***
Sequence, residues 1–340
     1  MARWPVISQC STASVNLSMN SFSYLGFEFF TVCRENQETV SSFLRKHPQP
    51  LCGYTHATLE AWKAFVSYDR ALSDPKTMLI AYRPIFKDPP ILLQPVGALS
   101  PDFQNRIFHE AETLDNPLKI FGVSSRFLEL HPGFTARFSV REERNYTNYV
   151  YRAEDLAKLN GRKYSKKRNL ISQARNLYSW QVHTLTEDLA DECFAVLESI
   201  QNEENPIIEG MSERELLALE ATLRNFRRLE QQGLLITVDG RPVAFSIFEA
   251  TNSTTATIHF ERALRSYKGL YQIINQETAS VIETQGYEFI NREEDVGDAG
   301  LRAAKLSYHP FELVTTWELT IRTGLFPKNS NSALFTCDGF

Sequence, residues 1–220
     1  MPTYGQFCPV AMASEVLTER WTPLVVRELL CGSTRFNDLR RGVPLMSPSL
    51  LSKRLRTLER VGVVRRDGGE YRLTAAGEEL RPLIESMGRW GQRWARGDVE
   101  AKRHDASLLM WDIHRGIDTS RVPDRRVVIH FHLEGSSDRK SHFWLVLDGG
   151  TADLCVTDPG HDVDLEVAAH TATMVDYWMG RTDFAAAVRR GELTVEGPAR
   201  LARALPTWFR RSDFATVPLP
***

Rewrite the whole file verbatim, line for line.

Sequence, residues 1–340
     1  MARWPVISQC STASVNLSMN SFSYLGFEFF TVCRENQETV SSFLRKHPQP
    51  LCGYTHATLE AWKAFVSYDR ALSDPKTMLI AYRPIFKDPP ILLQPVGALS
   101  PDFQNRIFHE AETLDNPLKI FGVSSRFLEL HPGFTARFSV REERNYTNYV
   151  YRAEDLAKLN GRKYSKKRNL ISQARNLYSW QVHTLTEDLA DECFAVLESI
   201  QNEENPIIEG MSERELLALE ATLRNFRRLE QQGLLITVDG RPVAFSIFEA
   251  TNSTTATIHF ERALRSYKGL YQIINQETAS VIETQGYEFI NREEDVGDAG
   301  LRAAKLSYHP FELVTTWELT IRTGLFPKNS NSALFTCDGF

Sequence, residues 1–220
     1  MPTYGQFCPV AMASEVLTER WTPLVVRELL CGSTRFNDLR RGVPLMSPSL
    51  LSKRLRTLER VGVVRRDGGE YRLTAAGEEL RPLIESMGRW GQRWARGDVE
   101  AKRHDASLLM WDIHRGIDTS RVPDRRVVIH FHLEGSSDRK SHFWLVLDGG
   151  TADLCVTDPG HDVDLEVAAH TATMVDYWMG RTDFAAAVRR GELTVEGPAR
   201  LARALPTWFR RSDFATVPLP